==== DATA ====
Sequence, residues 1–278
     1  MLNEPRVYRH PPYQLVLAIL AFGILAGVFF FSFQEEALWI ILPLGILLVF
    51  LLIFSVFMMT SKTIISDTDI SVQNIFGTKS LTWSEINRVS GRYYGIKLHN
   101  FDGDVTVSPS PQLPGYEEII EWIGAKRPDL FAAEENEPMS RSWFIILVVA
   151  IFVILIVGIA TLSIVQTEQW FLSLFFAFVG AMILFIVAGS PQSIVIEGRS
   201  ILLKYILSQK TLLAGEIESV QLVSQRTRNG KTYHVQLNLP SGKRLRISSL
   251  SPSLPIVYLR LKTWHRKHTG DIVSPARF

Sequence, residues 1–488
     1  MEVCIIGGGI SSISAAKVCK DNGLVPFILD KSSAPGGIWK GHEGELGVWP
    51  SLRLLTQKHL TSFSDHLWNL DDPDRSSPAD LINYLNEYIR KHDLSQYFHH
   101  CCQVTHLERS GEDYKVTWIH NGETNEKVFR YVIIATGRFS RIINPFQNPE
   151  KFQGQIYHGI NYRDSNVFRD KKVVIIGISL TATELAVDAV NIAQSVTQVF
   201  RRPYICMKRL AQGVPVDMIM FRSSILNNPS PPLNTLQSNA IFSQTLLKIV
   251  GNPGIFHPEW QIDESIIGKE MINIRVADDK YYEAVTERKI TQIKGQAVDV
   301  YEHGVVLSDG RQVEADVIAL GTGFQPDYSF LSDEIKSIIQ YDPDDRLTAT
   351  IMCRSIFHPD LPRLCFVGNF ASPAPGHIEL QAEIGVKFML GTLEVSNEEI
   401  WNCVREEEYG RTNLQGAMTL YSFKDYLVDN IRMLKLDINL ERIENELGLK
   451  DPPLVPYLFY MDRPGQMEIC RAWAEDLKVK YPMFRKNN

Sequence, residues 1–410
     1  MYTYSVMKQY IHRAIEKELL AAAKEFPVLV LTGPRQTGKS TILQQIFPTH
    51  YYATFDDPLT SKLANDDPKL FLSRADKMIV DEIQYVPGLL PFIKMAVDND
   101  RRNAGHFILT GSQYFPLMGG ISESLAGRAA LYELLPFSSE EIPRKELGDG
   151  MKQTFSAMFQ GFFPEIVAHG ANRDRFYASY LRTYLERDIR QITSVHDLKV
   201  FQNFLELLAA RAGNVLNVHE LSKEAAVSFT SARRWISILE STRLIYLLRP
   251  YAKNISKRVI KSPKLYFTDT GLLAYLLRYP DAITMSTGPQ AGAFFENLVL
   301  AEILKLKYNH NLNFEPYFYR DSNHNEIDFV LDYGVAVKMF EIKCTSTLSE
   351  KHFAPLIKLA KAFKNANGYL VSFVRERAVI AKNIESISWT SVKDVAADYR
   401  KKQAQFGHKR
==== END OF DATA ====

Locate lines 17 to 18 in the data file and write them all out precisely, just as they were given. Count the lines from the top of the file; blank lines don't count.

   401  WNCVREEEYG RTNLQGAMTL YSFKDYLVDN IRMLKLDINL ERIENELGLK
   451  DPPLVPYLFY MDRPGQMEIC RAWAEDLKVK YPMFRKNN